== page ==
adjective, po·lit·er, po·lit·est.
  1. showing good manners toward others, as in behavior, speech, etc.; courteous; civil: a polite reply.
  2. refined or cultured: polite society.
  3. of a refined or elegant kind: polite learning.

Origin of polite

1400–50; late Middle English < Latin polītus, past participle of polīre to polish
Related formspo·lite·ly, adverbpo·lite·ness, nounsu·per·po·lite, adjectivesu·per·po·lite·ly, adverbsu·per·po·lite·ness, noun

Synonyms for polite

1. well-bred, gracious. See civil. 2. urbane, polished, poised, courtly, cultivated.

Antonyms for polite

1, 2. rude.
Dictionary.com Unabridged Based on the Random House Unabridged Dictionary, © Random House, Inc. 2018

Examples from the Web for politest

Contemporary Examples of politest

Historical Examples of politest

  • I recommend to you one of the soberest, yet politest, men in England—'

    Clarissa, Volume 1 (of 9)

    Samuel Richardson

  • Let me assure them that they are the politest of people, though happily not effusive.

  • Then when I get out, you come forward with your politest bow and ask   me if I want a room.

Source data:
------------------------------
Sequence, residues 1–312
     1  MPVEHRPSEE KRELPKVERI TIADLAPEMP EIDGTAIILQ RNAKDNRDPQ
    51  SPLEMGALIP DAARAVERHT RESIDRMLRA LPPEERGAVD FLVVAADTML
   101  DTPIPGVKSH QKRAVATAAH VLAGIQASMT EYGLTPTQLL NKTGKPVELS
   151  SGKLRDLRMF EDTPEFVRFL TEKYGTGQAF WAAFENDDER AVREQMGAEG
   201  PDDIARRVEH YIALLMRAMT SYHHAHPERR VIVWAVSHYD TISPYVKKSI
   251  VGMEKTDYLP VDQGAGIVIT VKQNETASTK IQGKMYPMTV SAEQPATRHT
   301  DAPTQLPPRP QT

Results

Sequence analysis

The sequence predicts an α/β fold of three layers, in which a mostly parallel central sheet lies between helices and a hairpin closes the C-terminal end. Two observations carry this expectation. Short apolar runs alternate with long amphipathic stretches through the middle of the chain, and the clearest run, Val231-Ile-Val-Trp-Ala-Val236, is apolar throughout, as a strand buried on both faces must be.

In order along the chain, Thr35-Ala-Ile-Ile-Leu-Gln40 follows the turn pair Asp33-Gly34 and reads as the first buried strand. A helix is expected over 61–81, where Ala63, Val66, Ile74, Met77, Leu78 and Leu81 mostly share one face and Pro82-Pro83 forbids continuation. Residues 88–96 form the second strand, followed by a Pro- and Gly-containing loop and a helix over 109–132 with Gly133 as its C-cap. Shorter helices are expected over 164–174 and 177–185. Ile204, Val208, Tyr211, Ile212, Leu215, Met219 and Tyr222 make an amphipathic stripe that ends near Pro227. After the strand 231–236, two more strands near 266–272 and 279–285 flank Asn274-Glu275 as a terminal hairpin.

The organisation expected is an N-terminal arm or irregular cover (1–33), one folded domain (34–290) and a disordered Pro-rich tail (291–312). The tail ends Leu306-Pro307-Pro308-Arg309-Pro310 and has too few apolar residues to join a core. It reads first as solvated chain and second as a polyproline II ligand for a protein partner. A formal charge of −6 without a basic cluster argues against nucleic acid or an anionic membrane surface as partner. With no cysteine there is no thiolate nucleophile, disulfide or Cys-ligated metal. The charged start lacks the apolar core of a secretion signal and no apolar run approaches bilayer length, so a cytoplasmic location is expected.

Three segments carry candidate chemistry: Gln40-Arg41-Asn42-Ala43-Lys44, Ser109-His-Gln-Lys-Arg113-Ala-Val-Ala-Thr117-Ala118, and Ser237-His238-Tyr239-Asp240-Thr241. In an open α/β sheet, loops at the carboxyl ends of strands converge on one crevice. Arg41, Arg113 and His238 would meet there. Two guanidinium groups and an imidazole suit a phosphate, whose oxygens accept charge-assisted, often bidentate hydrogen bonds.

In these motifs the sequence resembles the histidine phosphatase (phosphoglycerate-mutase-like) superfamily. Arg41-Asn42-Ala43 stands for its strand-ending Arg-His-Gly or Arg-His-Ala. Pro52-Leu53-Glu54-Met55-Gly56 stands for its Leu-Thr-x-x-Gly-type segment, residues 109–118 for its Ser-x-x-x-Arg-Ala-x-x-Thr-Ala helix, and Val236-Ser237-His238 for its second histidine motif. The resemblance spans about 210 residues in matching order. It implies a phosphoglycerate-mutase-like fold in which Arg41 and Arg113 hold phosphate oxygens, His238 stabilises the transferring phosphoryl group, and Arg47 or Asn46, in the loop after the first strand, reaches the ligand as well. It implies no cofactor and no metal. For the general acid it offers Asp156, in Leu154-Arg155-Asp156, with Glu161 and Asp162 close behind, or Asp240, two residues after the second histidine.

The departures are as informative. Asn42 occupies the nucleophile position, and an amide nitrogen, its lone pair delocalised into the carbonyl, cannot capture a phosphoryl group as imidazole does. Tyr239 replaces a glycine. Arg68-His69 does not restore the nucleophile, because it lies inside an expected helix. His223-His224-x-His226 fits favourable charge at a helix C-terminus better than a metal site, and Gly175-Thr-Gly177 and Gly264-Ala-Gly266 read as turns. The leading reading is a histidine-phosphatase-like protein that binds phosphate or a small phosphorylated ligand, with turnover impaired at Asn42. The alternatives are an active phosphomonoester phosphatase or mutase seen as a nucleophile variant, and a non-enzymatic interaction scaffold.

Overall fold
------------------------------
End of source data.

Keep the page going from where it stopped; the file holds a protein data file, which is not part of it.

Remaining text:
Jean Webster

  • Then when I get out, you come forward with your politest bow and ask me if I want a room.

    Jerry Junior

    Jean Webster

  • Dean Swift is Rabelais in his senses, and frequenting the politest company.

British Dictionary definitions for politest


  1. showing regard for others, in manners, speech, behaviour, etc; courteous
  2. cultivated or refinedpolite society
  3. elegant or polishedpolite letters
Derived Formspolitely, adverbpoliteness, noun

Word Origin for polite

C15: from Latin polītus polished; see polish
Collins English Dictionary - Complete & Unabridged 2012 Digital Edition © William Collins Sons & Co. Ltd. 1979, 1986 © HarperCollins Publishers 1998, 2000, 2003, 2005, 2006, 2007, 2009, 2012

Word Origin and History for politest



late 14c., "polished, burnished" (mid-13c. as a surname), from Latin politus "refined, elegant, accomplished," literally "polished," past participle of polire "to polish, to make smooth" (see polish (v.)). Used literally at first in English; sense of "elegant, cultured" is first recorded c.1500, that of "behaving courteously" is 1748 (implied in politely). Related: Politeness.

Online Etymology Dictionary, © 2010 Douglas Harper